Limitations of checkpoint inhibitor cancer immunotherapy include induction of autoimmune syndromes and resistance of many cancers. Since CD318, a novel CD6 ligand, is associated with the aggressiveness and metastatic potential of human cancers, we tested the effect of an anti-CD6 monoclonal antibody, UMCD6, on killing of cancer cells by human lymphocytes. UMCD6 augmented killing of breast, lung, and prostate cancer cells through direct effects on both CD8+ T cells and NK cells, increasing cancer cell death and lowering cancer cell survival in vitro more robustly than monoclonal antibody checkpoint inhibitors that interrupt the programmed cell death 1 (PD-1)/PD-1 ligand 1 (PD-L1) axis. UMCD6 also augmented in vivo killing by human peripheral blood lymphocytes of a human breast cancer line xenotransplanted into immunodeficient mice. Mechanistically, UMCD6 upregulated the expression of the activating receptor NKG2D and downregulated expression of the inhibitory receptor NKG2A on both NK cells and CD8+ T cells, with concurrent increases in perforin and granzyme B production. The combined capability of an anti-CD6 monoclonal antibody to control autoimmunity through effects on CD4+ lymphocyte differentiation while enhancing killing of cancer cells through distinct effects on CD8+ and NK cells opens a potential new approach to cancer immunotherapy that would suppress rather than instigate autoimmunity.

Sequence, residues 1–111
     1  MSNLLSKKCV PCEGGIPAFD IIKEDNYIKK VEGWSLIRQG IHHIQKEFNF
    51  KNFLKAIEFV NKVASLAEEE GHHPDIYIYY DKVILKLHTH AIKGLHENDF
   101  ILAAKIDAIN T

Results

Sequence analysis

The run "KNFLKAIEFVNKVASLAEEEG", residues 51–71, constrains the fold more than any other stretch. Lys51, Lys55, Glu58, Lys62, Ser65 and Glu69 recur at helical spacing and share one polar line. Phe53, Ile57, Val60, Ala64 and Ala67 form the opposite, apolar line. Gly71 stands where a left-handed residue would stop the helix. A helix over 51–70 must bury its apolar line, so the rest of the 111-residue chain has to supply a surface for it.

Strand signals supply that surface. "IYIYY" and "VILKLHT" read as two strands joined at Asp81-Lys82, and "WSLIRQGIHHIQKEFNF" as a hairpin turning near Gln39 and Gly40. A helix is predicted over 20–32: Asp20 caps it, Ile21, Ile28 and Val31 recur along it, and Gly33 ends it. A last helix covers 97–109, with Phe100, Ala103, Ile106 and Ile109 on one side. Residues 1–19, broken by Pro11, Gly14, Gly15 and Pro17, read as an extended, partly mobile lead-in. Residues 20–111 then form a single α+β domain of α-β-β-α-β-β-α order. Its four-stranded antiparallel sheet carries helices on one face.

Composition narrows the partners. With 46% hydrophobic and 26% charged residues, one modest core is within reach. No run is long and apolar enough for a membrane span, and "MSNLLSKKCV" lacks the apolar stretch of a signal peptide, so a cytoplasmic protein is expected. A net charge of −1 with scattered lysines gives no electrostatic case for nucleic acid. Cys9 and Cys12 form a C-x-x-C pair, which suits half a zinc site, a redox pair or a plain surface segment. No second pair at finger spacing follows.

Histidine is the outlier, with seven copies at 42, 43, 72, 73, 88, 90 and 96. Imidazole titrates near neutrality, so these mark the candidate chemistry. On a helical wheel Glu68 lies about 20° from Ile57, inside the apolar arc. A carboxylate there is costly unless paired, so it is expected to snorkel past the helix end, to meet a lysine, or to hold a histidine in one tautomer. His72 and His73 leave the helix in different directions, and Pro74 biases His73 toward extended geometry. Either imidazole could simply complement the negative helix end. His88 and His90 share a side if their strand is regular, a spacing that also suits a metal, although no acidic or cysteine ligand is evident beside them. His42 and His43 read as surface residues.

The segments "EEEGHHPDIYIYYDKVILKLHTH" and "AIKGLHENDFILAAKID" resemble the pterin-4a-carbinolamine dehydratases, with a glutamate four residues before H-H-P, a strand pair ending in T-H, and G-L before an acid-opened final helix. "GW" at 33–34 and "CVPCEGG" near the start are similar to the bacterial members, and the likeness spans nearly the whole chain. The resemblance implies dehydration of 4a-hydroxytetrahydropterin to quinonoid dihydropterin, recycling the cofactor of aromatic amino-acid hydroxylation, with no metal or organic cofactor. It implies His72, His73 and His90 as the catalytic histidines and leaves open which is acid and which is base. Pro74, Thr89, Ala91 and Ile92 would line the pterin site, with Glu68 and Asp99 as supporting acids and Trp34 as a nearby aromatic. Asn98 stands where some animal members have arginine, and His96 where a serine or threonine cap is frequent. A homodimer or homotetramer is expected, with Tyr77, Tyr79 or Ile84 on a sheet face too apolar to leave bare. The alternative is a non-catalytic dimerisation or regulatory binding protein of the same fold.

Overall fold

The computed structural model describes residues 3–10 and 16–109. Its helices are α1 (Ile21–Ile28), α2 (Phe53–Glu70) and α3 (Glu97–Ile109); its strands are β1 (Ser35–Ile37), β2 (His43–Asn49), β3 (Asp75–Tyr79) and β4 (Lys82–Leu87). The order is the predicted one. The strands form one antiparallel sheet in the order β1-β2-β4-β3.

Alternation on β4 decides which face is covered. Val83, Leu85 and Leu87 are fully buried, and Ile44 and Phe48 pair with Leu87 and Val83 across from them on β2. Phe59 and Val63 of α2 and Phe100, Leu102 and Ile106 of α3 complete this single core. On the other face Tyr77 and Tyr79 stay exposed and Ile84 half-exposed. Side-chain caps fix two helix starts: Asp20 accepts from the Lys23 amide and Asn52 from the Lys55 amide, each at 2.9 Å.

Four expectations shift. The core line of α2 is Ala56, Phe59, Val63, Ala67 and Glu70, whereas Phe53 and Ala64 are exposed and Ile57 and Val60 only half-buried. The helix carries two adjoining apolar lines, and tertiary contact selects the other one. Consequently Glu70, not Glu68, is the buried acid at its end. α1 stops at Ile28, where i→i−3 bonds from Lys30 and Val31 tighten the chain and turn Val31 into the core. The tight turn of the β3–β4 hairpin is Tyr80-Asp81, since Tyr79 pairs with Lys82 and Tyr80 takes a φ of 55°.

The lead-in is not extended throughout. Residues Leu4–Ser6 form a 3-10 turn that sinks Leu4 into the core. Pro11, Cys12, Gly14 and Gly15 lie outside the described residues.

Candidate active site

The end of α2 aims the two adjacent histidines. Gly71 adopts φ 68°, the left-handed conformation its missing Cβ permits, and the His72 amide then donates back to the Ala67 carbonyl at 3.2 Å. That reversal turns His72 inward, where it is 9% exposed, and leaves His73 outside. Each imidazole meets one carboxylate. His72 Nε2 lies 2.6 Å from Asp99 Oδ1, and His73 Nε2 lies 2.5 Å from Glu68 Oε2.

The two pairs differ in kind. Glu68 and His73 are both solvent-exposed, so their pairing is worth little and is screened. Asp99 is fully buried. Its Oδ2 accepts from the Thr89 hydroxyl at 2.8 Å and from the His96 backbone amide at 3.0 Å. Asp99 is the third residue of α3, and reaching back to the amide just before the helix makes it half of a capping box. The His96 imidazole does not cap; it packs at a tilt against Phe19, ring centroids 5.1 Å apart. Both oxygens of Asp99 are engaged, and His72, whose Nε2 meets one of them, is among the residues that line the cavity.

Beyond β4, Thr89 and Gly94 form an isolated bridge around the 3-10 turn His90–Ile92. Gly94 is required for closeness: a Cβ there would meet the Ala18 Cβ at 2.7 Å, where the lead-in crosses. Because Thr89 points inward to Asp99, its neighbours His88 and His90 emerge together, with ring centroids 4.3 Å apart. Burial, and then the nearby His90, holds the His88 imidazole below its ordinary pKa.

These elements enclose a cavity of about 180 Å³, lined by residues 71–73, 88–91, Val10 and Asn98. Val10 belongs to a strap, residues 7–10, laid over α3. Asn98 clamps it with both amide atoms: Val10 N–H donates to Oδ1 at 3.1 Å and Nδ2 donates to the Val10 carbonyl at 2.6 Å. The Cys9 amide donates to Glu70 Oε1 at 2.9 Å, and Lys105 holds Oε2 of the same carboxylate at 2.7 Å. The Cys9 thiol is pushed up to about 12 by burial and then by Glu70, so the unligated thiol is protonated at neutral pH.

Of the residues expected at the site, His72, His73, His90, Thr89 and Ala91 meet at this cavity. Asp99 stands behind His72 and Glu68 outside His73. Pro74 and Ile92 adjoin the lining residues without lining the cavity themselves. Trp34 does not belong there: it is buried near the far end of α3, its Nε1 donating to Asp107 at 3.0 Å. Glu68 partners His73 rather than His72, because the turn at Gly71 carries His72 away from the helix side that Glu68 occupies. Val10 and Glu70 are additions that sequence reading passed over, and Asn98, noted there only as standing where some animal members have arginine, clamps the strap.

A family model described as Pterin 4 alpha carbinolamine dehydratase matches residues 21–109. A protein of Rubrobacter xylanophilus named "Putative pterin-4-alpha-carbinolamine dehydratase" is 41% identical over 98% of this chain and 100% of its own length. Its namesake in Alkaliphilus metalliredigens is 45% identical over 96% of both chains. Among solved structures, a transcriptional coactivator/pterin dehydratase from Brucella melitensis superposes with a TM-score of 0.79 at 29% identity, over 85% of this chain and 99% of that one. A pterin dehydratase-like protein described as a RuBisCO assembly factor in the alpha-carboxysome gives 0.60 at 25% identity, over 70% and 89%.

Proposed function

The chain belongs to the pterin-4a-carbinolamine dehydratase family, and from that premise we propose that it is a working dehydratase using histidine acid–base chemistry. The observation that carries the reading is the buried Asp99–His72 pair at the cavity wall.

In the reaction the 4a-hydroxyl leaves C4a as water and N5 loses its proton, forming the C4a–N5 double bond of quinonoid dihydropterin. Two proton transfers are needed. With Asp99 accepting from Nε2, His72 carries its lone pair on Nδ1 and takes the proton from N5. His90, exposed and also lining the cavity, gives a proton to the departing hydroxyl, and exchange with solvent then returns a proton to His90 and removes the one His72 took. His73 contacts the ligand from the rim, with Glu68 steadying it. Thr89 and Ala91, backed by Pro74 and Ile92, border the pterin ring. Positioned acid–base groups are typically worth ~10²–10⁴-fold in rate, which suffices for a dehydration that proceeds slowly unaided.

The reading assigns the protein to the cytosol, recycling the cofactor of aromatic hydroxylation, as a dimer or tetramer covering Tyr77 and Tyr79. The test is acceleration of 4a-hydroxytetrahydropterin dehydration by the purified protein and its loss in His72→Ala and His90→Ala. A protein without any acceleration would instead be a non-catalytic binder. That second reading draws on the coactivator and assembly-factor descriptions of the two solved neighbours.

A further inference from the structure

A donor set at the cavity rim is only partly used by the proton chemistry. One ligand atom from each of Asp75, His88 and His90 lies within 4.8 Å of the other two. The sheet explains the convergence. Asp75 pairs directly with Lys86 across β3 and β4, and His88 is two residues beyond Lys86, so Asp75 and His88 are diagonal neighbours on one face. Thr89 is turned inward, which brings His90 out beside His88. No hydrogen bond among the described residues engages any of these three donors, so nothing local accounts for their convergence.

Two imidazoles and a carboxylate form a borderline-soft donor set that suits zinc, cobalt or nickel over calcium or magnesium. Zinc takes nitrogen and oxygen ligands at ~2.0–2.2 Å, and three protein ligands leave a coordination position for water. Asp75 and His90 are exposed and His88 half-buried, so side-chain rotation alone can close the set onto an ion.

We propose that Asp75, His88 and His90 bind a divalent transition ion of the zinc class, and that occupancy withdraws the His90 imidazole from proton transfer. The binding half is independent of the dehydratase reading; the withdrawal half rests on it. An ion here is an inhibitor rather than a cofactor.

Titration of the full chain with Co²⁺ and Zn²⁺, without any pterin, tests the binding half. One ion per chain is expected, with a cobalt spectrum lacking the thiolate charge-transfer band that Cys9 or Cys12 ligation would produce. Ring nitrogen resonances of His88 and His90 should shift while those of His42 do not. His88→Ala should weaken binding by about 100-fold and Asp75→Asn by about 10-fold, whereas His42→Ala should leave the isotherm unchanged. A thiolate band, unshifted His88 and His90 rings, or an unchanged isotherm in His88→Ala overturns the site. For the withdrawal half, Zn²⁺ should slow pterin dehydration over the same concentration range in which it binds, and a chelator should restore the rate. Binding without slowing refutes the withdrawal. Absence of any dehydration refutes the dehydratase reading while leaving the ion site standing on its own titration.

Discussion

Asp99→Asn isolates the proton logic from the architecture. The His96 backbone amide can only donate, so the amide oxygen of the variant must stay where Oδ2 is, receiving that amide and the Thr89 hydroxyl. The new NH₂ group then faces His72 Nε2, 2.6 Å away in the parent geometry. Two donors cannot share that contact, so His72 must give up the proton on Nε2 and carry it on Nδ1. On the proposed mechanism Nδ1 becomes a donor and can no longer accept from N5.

Jeffrey H. Ruth, Mikel Gurrea-Rubio, Kalana S. Athukorala, Stephanie M. Rasmussen, Daniel P. Weber, Peggy M. Randon, Rosemary J. Gedert, Matthew E. Lind, M. Asif Amin, Phillip L. Campbell, Pei-Suen Tsou, Yang Mao-Draayer, Qi Wu, Thomas M. Lanigan, Venkateshwar G. Keshamouni, Nora G. Singer, Feng Lin, David A. Fox